Whether donning a suit for an interview or a sexy outfit for a date, it’s obvious that most of us are well aware of the power of clothing to affect how other people perceive us. But what about the power of our clothes to affect our own thoughts?
Relevant to this question is the growing “embodied cognition” literature showing that the position and state of our bodies can affect our thoughts – for example, cleaning their hands makes people feel morally purer. In a new study Hajo Adam and Adam Galinsky propose that clothes can have similar effects on our thoughts – a phenomenon they call “enclothed cognition”. In contrast to embodied cognition effects which are fairly direct, the researchers think enclothed cognition effects will depend on two conditions – first, the symbolic meaning of the clothing and second, the actual wearing of the clothes.
To test this idea, the researchers focused on the power of white coats, synonymous with scientists and their attention to detail. In an initial study, 58 students took part in a test of their powers of selective attention known as the Stroop Test (on critical trials, the ink colour of a word must be named whilst ignoring the colour meaning of the word, e.g. RED written in blue ink). Half the students performed the task in a scientist’s white lab coat (they were told that this was to be consistent with previous participants who’d taken part during building work and worn the coat for protection). The other students just wore their own clothes. The key finding – students in the lab coats made half as many errors on the critical trials of the Stroop Test.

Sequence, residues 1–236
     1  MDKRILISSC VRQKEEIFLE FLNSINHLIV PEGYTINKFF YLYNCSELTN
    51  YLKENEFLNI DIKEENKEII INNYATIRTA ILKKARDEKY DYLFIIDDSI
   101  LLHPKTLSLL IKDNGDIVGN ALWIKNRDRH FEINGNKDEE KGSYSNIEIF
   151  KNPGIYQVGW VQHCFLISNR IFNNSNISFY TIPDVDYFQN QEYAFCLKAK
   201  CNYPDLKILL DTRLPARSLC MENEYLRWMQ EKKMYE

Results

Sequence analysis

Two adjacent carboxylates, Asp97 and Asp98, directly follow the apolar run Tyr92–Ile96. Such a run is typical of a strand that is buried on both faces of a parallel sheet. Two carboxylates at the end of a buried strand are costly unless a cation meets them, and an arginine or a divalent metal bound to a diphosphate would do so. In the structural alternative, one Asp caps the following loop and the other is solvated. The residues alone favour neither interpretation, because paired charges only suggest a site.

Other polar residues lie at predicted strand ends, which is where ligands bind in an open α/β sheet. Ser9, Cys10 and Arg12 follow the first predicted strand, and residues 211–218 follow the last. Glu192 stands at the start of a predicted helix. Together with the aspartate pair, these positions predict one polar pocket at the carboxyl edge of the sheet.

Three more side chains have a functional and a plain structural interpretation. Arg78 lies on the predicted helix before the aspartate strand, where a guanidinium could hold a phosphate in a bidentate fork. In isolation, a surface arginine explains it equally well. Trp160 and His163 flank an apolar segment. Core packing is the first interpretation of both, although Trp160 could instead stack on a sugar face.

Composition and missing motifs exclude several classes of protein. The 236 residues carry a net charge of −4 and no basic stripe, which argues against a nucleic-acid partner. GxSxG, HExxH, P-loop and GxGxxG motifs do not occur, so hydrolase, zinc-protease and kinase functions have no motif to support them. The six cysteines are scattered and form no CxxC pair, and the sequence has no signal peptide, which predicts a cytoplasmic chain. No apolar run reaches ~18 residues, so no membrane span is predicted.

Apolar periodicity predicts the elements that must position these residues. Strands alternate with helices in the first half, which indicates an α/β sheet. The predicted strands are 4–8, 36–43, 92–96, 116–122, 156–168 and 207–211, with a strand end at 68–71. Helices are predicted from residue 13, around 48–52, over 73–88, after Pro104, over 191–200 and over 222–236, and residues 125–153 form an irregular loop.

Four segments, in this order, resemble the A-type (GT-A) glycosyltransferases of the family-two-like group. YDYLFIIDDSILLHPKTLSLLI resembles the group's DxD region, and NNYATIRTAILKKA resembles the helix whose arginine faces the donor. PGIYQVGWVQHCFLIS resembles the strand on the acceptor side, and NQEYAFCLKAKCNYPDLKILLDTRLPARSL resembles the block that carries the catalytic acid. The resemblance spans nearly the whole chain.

The researchers next wanted to test their proposal that enclothed cognition effects depend on the symbolic meaning of clothes and actually wearing them. For these studies, the participants completed sustained attention tests that involved spotting differences between two similar images. Participants who donned a lab coat performed significantly better than others who merely saw a lab coat on the desk (thus suggesting the enclothed effect is more powerful than mere priming) or others who wore the same kind of coat but were told it belonged to a painter.
Is the enclothed effect about some kind of identification with the clothing? It seems it is more than that. For a final study, participants who wore a lab coat performed better on the sustained attention task than those who wore no coat but wrote an essay about how they identified with a lab coat. In turn, those who wrote the essay performed better than participants who wore a painter’s coat.
“Clothes can have profound and systematic psychological and behavioural consequences for their wearers,” the researchers said. Future research, they suggested, could examine the effects of other types of clothing: might the robe of a priest make us more moral? Would a firefighter’s suit make us more brave? “Although the saying goes that clothes do not make the man,” the researchers concluded, “our results suggest they do hold a strange power over their wearers.”
As well as building on the embodied cognition literature, these new findings also chime with recent “positive contagion” research showing that amateur golfers’ performance improved, and their perception of the hole changed, when they thought they were playing with a putter that belonged to a professional.
Adam, H., and Galinsky, A. (2012). Enclothed Cognition. Journal of Experimental Social Psychology DOI: 10.1016/j.jesp.2012.02.008 (thanks to Marc Brysbaert for the tip-off).